Lastly, there is an anti-competition issue to consider. For the most part, futures exchanges have their own captive clearing houses. Thus, clearing is part of a vertical model that has made futures exchanges valuable commodities (pun intended) on Wall Street. Open interest (“OI”) resides at a captive clearinghouse because of the trades that occurred on its related exchange (e.g., CME Group trades are cleared and maintained as OI at the CME Clearing House, which is a separate division of CME Group). OI is protected from commingling by rule of the clearinghouse and sometimes through contractual arrangement with the futures exchange. A captive clearinghouse of a futures exchange can decide to do business (or not) with whomever it pleases. While it’s not uncommon for a clearinghouse to agree to clear another futures exchange’s non-competitive product, the clearinghouse is not required to do so. The open interest of the other exchange’s contracts is kept in a separate pool within the clearinghouse. Thus, futures exchanges are allowed to put up moats around their open interest.
In the newly developed SEF world, it has been mandated that clearing houses must accept for clearing a competitors swap product, as long as it passes certain criteria as established by the risk committee of the clearing house, etc. So, theoretically, ICE could go to CME clearing and ask that one of its interest rate swap contracts be cleared at CME – and CME cannot decline (absent a legitimate reason – and not wanting to do business with ICE is not legitimate).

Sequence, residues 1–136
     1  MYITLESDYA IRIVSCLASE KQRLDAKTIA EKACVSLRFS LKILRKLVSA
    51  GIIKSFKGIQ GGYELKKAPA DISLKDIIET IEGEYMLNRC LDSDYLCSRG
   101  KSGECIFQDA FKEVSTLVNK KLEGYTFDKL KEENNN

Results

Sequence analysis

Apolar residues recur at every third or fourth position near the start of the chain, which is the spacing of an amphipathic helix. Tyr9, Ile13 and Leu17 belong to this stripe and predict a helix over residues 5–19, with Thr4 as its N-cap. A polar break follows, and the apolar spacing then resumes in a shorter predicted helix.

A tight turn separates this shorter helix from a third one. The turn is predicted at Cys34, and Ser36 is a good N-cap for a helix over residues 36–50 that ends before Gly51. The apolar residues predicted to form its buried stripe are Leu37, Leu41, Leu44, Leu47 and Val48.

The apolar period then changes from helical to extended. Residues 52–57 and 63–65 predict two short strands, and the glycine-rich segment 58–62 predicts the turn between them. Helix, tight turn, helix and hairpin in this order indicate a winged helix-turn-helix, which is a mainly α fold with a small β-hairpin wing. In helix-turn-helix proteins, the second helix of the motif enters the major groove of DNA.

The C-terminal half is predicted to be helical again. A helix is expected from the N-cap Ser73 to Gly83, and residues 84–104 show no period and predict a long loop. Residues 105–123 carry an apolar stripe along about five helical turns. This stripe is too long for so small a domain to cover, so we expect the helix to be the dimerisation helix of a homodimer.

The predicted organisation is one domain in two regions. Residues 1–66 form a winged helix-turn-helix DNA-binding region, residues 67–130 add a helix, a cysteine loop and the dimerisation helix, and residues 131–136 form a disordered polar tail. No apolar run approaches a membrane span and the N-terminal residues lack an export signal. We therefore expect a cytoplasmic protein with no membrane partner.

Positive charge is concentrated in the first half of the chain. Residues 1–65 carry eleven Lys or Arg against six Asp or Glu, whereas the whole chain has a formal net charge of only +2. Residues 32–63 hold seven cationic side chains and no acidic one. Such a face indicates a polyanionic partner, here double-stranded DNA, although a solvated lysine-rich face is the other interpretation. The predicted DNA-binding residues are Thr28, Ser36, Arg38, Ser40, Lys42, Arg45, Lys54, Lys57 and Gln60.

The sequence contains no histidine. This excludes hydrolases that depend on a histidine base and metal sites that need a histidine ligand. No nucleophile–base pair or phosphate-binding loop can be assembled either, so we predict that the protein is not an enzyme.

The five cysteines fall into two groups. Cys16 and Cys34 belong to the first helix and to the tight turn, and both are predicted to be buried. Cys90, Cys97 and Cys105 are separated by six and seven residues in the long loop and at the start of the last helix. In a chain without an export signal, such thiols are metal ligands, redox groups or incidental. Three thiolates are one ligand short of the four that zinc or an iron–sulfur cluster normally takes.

What is the effect of this factor, then? I believe it once again favors futurization. While the rules mandate that a clearing house cannot deny a SEF clearing, the practical reality is that a SEF will have a difficult time finding a clearing house for any products it offers that compete with the clearing house’s vertically integrated exchange.
So, futurization wins in a landslide, right? Well, maybe not. If we listen to Commission Bart Chilton, we have reason to be wary:
While I’m interested in hearing the concerns about futurization, I am more concerned about…a silent creeper. That is, the “swapification” of the futures markets. Specifically, I’m concerned that the conversion of certain standardized cleared swaps will be under-regulated7in the futures markets. It may be block rules or something else, but we need to be cautious about converting certain swaps to futures in an attempt to export the deregulated, opaque swaps trading model to these new futures markets. Let’s be cautious about allowing lax oversight of these futures contracts, regardless of how they were treated before they were futurized.
What is going on here? Commissioner Chilton and perhaps others at the CFTC are using the term “swapification” for code that means: create new rules for the futures markets that are based on the recently enacted, and more stringent, swap rules. In other words, there may be a desire to not only regulate the previously unregulated swaps market, but to use Dodd-Frank as the weapon to re-regulate the futures market. The vision, apparently, is to take away much of the discretion that has been afforded to futures exchanges throughout the years, most notably beginning in 2000 with the Commodity Futures Modernization Act. The exchanges and most market participants will uniformly line up against a full-scale assault on the futures industry, which may be what’s at issue here. It has been conceded time and time again by proponents of regulation that the futures market did not fail in the Great Recession of 2008. Not only did the futures industry not fail, but the objective of Dodd-Frank was/is not to re-regulate this market. Doing so will only raise the cost of hedging for everyone that ends up being paid for by consumers.